Dan Zanes wants parents to get with the music

Sure, Dan Zanes wants you to buy his new concert DVD, "All Around the Kitchen!" — or his new book, "Jump Up," or any of his all-ages folk-rock CDs. But what he really wants is for parents to sing with their kids — no equipment required.

"We used to be a real society of music makers, but now we're a society of music listeners," said Zanes from his New York City home. "Everyone is plugged into their iPod, listening to recorded music. I have so much enthusiasm for making music — I hope that enthusiasm comes across in my records and performances, so anyone who hears it feels like they could do it, too.

"It's such a tragedy to let the professionals have the good time when anybody can do this. Just open your mouth and sing, or clap along or stomp your feet."

Families will get a chance to sing along with Zanes, former singer for the '80s band the Del Fuegos, at two kid-friendly concerts next Saturday at The Moore Theatre.

This is the third annual Seattle concert for Dan Zanes and Friends (the "friends" include Barbara Brousal on acoustic guitar and mandolin; Cynthia Hopkins, saw and accordion; Yoshi Waki, upright bass; Colin Brooks, drums; and Jamaican rapper Rankin Don, aka Father Goose). The theater says the performance, which includes Zanes' original songs as well as traditional ones, "ultimately dissolves into a full-venue dance party."

Zanes, for his part, loves a front-row mosh pit. "It's a little like a Grateful Dead show, which makes me happy. ... There's never a situation where everyone is sitting in chairs just listening. The undercurrent of chaos adds to the fun."

For adults who balk at throwing themselves into, say, the Hokey Pokey (Zanes looks like he's having a ball with the tune on his concert DVD), Zanes has this advice: "Get over yourself."

"It's a parent's job to be silly some of the time," said Zanes, the father of a 10-year-old daughter. "We're role models — do we always want to look like we care what others think of us? It's important to show we're comfortable in our own skin and able to get silly when the situation calls for it. Music really helps in that department."

The shows attract an all-ages crowd, from tots to grandparents ("I keep hoping for the day someone is born at one of our shows," he notes). "I'm committed to the idea of songs that everyone can listen to together and feel excited by," he said.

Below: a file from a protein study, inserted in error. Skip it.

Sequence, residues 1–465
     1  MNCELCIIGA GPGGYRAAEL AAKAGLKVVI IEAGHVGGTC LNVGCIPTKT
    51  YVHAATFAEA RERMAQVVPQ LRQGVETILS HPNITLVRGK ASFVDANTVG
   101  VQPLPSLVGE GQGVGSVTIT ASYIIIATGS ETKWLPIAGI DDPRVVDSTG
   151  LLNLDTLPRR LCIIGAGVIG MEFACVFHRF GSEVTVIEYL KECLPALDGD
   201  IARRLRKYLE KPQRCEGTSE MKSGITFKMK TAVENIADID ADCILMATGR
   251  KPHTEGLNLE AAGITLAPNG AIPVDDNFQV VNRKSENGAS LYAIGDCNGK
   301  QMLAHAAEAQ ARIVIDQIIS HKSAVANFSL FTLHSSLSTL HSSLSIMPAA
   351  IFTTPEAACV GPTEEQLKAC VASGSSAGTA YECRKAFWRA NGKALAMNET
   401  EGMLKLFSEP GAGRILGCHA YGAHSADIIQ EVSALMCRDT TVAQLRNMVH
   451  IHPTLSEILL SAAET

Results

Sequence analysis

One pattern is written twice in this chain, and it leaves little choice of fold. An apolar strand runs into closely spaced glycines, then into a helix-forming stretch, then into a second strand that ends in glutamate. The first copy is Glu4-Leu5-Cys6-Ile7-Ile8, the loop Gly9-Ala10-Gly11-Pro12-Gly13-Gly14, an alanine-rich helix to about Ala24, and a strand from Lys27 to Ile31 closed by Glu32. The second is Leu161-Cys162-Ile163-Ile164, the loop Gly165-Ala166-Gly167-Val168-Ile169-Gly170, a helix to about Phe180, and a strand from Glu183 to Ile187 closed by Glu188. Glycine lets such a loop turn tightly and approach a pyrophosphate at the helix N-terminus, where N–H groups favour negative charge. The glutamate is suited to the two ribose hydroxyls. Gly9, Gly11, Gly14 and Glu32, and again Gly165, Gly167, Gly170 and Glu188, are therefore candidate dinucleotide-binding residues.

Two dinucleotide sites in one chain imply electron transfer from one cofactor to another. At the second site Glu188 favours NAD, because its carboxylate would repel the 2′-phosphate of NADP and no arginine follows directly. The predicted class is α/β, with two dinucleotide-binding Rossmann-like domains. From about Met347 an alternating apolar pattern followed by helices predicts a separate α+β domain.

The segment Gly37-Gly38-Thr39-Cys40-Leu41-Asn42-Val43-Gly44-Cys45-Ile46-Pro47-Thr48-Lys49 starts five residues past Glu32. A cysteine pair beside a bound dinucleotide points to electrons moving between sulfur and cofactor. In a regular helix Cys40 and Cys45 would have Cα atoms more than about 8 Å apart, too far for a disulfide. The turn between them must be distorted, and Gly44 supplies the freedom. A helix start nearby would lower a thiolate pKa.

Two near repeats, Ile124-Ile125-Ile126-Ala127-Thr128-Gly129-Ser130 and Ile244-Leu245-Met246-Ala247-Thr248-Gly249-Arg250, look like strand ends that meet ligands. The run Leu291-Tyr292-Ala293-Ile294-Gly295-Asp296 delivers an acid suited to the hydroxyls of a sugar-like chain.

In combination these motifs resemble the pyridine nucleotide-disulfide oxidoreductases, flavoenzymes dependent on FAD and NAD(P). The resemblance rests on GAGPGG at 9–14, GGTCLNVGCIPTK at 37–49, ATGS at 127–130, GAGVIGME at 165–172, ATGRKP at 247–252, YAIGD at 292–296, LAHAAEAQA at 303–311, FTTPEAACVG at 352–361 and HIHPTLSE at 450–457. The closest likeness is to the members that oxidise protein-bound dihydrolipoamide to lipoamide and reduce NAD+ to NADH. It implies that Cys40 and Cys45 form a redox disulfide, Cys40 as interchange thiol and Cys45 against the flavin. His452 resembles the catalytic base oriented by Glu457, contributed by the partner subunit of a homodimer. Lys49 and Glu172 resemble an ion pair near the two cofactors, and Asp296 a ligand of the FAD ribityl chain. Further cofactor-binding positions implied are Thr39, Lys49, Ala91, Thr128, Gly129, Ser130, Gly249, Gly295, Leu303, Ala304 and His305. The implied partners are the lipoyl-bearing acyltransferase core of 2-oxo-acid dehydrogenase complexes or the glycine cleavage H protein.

Zanes doesn't write kids music per so. "I've been eating with a fork for almost 40 years now, so it's not something I'm going to become emotional about," he said. "And it's not easy for kids to relate to romantic love. But somewhere in between learning to tie your shoes and songs about my old girlfriend is a huge range of subject matter. Almost anything is fair game once you get away from the two extremes."

Besides his own songs (such as "Wonder Wheel," a Ferris wheel ode), Zanes enjoys exposing kids to traditional folk.

"The idea is to take older tunes, turn them on their heads and drag them into the 21st century," he said.

For Zanes, this meant giving them a little more oomph, courtesy of "the rock and roll that's gotten into our blood."

He worried the traditional maritime songs — which include sailor hazards like drinking and drowning — on last year's "Sea Music" would alienate some fans of his previous four family CDs, including 2003's "House Party." But the response was all positive. "I really believe it's important to be in touch with these old songs and the stories that come with them," he said.

Along with his low-key DVD, featuring videos played on preschool channel Noggin, Zanes is now working with Playhouse Disney (a tour sponsor and home to popular preschool act The Wiggles) to develop a musical TV program.

Zanes denies selling out to a medium he often criticizes. "I've always felt that TV is definitely abused in our country," he said. "It's a national tragedy, the amount of TV kids watch."

But, "at a certain point I realized that no matter how much I said it, no one was going to throw their TV away. So I want to use it as a vehicle for my message. If I can make a show that kids watch, laugh, learn songs, get interested in instruments and get together to sing with their friends, then I can say I did something really good."

When his daughter was first born, he said, he thought the challenge was to find good CDs for family listening. "Now I think it's a different challenge: where to find good songs to fill my head with so when the time comes, I can start singing them."

Stephanie Dunnewind: 206-464-2091 or sdunnewind@seattletimes.com

Family-friendly concerts

Dan Zanes and Friends: 11 a.m. and 2 p.m. Nov. 5 at the Moore Theatre, 1932 Second Ave., Seattle. Tickets, $15 or $20 (plus service charges), are available at www.themoore.com, 206-292-ARTS, or in person from the Moore and Paramount Theatre box offices and at all Ticketmaster outlets. More information: www.danzanes.com

Experience Music Project Family Concert Series: EMP's next all-ages concert will be Robb Benson with the Withholders at 1 p.m. Sunday, followed by the Beatniks Nov. 6. Both take place at Level 3 of the Science Fiction Museum and Hall of Fame and encourage audience interaction. Tickets are $7 for children under age 17, $10 for adults; a $25 family special includes two adults and all children under 18 sharing the same address. Advance tickets available at EMP or by calling 206-770-2702. More information: www.emplive.org